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Hillary Clinton, the US Democratic presidential front-runner, has come under heavy criticism in a debate for her 2003 vote backing the invasion of Iraq.

A day after a series of bomb and gun attacks that killed at least 129 people in Paris, Bernie Sanders, Clinton's rival, criticised her vote authorising the Iraq invasion and said it was "one of the worst foreign policy blunders in the modern history of the United States".

Sanders also linked the invasion of Iraq to regional chaos that aided the rise of the Islamic State of Iraq and the Levant (ISIL) group.

On the US campaign trail with Bernie Sanders

"I'd argue that the disastrous invasion of Iraq, something that I strongly opposed, unravelled the region immensely, and led to the rise of al-Qaeda and to ISIL," Sanders said during Saturday's debate at Drake University in Des Moines, Iowa.

"I don't think any sensible person would disagree that the invasion of Iraq led to the massive level of instability we are seeing right now."

Clinton, who has frequently called the vote a mistake, said it should be placed in the historical context of years of terrorism before the invasion.

"If we're ever going to really tackle the problems posed by jihadi extremists, we need to understand it and realise that it has antecedents to what happened in Iraq," she said.
"This is an incredibly complicated region of the world.
"It's become more complicated. And many of the fights that are going on are not ones that the US has either started or have a role in."
Wall Street issue

The Iraq exchange came early in the second debate for Democrats seeking their party's nomination for the November 2016 presidential election, which focused on foreign policy and ways to "combat terrorism" after the Paris attacks.

Al Jazeera's Kimberly Halkett, reporting from Des Moines, said the Iraq invasion was something that Clinton has acknowledged in the past as a mistake and she repeated that throughout the debate.

"The other issue where Clinton came under attack was on the issue of Wall Street," she said.

"Sanders advocates reforming Wall Street and challenged Clinton on how she would she clean it up given that she has received millions in donations from members of Wall Street and Wall Street banks. Clinton, in reply, promised she had a comprehensive reform to do that."

Meanwhile, Clinton struck a sharp contrast to Obama's comments in an interview aired on Friday that ISIL had been contained.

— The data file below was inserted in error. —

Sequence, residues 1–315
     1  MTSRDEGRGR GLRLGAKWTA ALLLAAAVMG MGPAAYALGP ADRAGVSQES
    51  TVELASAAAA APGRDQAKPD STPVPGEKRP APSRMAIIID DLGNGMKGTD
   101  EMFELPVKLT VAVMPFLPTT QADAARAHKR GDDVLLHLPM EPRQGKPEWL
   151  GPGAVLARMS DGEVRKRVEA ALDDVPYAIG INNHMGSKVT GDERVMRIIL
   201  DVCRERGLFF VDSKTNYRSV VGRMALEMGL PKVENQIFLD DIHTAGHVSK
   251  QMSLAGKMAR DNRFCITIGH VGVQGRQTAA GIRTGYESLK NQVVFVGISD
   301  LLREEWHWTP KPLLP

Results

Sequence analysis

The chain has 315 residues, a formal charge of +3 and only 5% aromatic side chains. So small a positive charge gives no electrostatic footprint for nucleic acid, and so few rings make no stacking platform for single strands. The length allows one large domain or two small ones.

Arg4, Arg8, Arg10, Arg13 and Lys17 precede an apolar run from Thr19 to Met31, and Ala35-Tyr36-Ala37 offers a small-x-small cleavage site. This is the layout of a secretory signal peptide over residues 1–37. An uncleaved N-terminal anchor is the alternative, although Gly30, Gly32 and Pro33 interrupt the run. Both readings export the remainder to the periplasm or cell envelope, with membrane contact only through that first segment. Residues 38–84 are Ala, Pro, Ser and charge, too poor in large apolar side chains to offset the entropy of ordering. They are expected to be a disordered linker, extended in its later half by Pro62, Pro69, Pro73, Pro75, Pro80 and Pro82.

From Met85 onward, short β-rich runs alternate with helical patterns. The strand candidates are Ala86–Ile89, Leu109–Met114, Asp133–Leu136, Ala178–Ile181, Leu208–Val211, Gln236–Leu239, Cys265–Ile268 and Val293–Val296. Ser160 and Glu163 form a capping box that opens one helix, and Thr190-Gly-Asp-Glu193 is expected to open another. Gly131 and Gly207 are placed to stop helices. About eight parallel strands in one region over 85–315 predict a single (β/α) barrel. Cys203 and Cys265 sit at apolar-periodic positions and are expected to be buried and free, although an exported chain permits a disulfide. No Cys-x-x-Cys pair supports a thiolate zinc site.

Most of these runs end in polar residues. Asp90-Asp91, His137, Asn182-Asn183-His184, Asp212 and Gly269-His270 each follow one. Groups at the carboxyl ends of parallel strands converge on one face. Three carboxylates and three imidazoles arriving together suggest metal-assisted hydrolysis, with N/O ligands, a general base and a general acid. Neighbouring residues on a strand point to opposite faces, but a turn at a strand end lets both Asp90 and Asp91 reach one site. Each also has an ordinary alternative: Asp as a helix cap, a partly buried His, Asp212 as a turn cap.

"We have to look at ISIL as the leading threat of an international terror network. It cannot be contained, it must be defeated," she said.

The White House aims to increase the Syrian refugees intake to 10,000 nex year, up from less than 2,000 in the previous year.

All the Democratic candidates supported taking in some Syrian refugees, with Clinton emphasising the need for careful screening prior to the intake.


A handful of Drake University students and Des Moines residents showed up outside the debate venue to show their support for the victims of Friday's Paris attacks. With signs reading "Iowans Stand with Paris" and "Drake Stands With Paris", some of them expressed their own fears that a similar attack could happen in the United States.

Ashley Ferguson, a Des Moines resident, hoped the candidates would raise the issue of how to counter any attack from ISIL on US soil. "It's concerning to me what's going to happen in the future and I want our candidates to talk about what we're going to do to protect our country," he said.

Meanwhile, at the debate, there was a newer, more aggressive Bernie Sanders. Not exactly the attack dog that Republican presidential candidate Donald Trump is, but when it came to the war in Iraq, he made it clear Hillary Clinton backed, in his words, one of the worst foreign-policy blunders in US history.

Later, one of Sanders' top advisers denied he was suggesting Clinton was to blame for ISIL, but went back to the theme of the Iraq War almost immediately.

Tad Devine, the adviser, said: "Bernie Sanders got it right, Hillary Clinton got it wrong."

Source: Al Jazeera and agencies